I tried my best to develop good relations with the bartender as he would be working a bit harder, as he had to handle a lot of customers, as well as dimming the lights whilst we were filming, as we kept it an open set, they normally have to keep the lights on.
Finishing my film, making the best film I possibly could, and my fear of letting people down, is what gave me the drive to be a dedicated production assistant. I have customer service experience when I worked as a greeter at Asda, and I feel it was these skills that made me do well in this role. I was friendly, helpful, down to earth and I feel like I almost seemed happy, a different personality to what I usually have. I believe this is because I had no time to feel self-conscious, even though I did probably still seemed that way, I had a big task ahead of me and I was aware of that. When push comes to shove, I do get worried about being on set and working with people, but I get more worried about being set and not working with people.
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As a lot of the scenes in ‘End of Nights’ may either seem offensive or unclear, here are some explanations for some of the content. A lot of these scenarios are explored in my primary research.
Scene 1 – Councillor Interview
The councillor is a beautiful and independent woman. She is a strong character and in return, she expects men to be stronger. Yes she may have some sympathy for certain extreme personalities, however Ted seems more like a weak moaner who needs to grow up and be a man.
In this scene I wanted to show women’s lack of interest and disgust for Ted’s personality, as well as how unprofessional certain people in high status roles can be.
Scene 2 – Gang in Park
The scarred girl is unhappy but still socializing with these men despite the possibility that she gets abused by them. This scene suggests that women are attracted to bad boys despite the risk.
This scene also suggests the contemporary stereotype of interracial sexual interests. The black gang mentions how all girls love those of darker skin and also that men of white skin are less endowed.
“Yeah you know you want some of this? What never been on the dark side before?”
Gang Leader tells Levis.
“I’ll cut ya little pink ping-a-ling off”
Gang Leader says to Ted.
Girl willingly abused by gang (left), Gang Leader thinks he knows what Grace truly desires.
Scene 4 – Queue Scene
After Levis and Grace are allowed in the club for free via the VIP area, Ted is forced to wait and pay at the box office. The bouncer then sees a girl is next to Ted and asks why he does not pay for his date. When he says she is not with her, she gets offended. When he finally does pay, the girl dismisses Ted and rushes past him to hug her boyfriend.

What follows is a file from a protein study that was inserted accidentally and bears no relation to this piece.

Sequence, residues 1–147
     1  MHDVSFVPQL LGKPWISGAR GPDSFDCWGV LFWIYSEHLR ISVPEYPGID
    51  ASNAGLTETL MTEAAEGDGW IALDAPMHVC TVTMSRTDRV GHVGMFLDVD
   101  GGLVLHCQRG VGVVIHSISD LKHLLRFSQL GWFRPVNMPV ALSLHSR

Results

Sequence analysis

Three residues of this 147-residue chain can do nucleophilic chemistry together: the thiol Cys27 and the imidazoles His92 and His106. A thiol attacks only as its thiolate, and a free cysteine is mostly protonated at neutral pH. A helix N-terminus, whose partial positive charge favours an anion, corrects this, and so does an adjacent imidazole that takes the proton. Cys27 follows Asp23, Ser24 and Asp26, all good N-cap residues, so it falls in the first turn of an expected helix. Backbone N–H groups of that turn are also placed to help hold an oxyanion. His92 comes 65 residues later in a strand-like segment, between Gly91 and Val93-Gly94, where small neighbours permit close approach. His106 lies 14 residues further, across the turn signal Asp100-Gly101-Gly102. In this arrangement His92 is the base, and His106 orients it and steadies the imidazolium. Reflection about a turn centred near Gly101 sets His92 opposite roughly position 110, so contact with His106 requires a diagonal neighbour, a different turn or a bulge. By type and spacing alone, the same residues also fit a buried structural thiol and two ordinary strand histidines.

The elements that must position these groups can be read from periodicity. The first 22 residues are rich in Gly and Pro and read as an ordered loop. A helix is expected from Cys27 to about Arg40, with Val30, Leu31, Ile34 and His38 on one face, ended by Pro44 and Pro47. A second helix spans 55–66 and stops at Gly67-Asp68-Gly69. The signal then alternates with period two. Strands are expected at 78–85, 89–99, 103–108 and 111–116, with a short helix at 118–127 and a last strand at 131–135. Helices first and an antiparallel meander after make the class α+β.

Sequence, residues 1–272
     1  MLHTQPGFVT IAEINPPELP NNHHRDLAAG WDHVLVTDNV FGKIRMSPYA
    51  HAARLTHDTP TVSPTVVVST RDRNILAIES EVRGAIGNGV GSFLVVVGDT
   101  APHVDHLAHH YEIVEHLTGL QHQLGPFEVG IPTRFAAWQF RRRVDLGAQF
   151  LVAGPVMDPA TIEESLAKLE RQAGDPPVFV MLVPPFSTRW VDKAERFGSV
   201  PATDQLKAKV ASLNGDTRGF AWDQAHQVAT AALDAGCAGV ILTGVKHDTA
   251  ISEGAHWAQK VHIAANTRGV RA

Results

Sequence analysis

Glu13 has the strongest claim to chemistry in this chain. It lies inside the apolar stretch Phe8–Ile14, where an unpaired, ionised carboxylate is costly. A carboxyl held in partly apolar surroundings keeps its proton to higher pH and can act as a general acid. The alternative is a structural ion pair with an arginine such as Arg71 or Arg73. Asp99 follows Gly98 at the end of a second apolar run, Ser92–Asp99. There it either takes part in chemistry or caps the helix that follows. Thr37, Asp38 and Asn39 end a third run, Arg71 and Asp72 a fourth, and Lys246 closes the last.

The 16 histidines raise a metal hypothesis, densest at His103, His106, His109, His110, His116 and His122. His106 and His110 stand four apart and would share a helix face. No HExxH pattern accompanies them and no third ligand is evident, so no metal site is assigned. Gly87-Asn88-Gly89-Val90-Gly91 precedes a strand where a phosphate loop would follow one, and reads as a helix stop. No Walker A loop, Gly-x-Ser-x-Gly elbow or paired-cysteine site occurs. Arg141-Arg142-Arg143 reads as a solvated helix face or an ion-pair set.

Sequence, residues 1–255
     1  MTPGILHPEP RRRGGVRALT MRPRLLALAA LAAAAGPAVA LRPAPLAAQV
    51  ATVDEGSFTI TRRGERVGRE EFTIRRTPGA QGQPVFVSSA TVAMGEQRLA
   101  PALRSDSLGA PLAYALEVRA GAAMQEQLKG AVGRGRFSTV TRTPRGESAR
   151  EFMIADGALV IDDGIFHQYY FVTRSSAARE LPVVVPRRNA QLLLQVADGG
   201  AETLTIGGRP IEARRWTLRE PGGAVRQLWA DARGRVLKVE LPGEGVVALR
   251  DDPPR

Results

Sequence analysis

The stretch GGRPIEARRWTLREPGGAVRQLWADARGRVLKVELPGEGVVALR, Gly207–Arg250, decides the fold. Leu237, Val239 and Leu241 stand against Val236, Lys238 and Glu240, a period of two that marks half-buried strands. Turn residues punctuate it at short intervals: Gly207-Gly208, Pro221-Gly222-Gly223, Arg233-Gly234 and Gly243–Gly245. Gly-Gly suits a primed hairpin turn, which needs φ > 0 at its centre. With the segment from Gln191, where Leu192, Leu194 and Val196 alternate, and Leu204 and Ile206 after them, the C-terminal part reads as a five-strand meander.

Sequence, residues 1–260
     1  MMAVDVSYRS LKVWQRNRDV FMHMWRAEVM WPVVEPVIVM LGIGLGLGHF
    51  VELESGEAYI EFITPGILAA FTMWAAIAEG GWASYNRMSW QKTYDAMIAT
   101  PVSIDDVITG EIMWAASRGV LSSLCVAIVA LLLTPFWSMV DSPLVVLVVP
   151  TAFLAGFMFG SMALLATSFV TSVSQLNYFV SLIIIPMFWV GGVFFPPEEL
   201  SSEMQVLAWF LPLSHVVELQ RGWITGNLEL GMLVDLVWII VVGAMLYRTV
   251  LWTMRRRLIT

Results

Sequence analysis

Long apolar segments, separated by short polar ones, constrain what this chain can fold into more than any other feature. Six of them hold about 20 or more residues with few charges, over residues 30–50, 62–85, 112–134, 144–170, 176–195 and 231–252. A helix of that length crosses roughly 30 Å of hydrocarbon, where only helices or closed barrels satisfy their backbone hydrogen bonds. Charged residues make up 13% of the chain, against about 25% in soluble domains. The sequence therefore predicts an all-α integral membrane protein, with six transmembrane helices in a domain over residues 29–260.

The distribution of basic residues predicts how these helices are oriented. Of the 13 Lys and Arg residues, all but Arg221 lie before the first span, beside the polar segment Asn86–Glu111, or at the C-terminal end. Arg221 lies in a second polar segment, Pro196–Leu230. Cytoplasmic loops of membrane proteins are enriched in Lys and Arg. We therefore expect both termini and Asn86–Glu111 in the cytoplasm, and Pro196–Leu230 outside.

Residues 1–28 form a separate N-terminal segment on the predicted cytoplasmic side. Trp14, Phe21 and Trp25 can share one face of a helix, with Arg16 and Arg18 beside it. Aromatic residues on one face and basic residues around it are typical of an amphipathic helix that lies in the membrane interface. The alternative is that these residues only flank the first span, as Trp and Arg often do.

This scene was supposed to show how the girl was faking nice to Ted so that he would pay for her to get in. This was supposed to show that girls are only nice to Ted when they want something from him. When the girl has got that something, she then forgets about Ted and just rushes off to her boyfriend, who did not pay for her to get in.
Ted being forced to pay for girl (left), Girl hugs boyfriend in front of Ted.
Scene 5 – Pawn Off
Grace then introduces Ted to an unattractive girl once he enters the club. Ted shows no interest in the girl but Grace was expecting Ted to be interested in her. Grace introduces Ted to Jasmine, but not her more attractive friend.
This suggests that Grace was trying to set him up with her despite the fact that he actually is shallow. Also shows that Grace is not attracted to Ted sexually and thinks due to his lack of confidence and personality, her friend Jasmine is the best he can hope for. There is also a chance that Jasmine is desperate as well, that is why she hangs around with attractive girls, because they can help her get men, and vice versa.
Ted not happy with who he has been introduced too (left). Jasmine is not happy with Ted as he appears uninterested.
Scene 5 – Levis Entrance
After the awkward moment between Ted and Jasmine, the announcement of Levis’ entrance begins. Upon hearing the announcement, Grace and her friends rush to the dance floor in anticipation, leaving Ted on his own. Once Levis enters, Grace goes ecstatic, gazing at him with affection. This is a sign that Grace is also shallow in a similar way to Ted, she is attracted to the most popular man in the building, rather than the gentle Ted.
Grace gazes at Levis (left), Levis absorbing the cheers.
Scene 6 – Dance-Off
Ted has his chance to impress Grace with his dance moves.
This scene will show that Ted is not comfortable dancing, either because he is not fond of the music, or he is too worried about how he looks. Women love a man that can dance, someone who is not worried about how they look on the dance floor. Everyone else is dancing, especially Levis, who is leading it. Levis is about to gain the upper hand on a nervous Ted.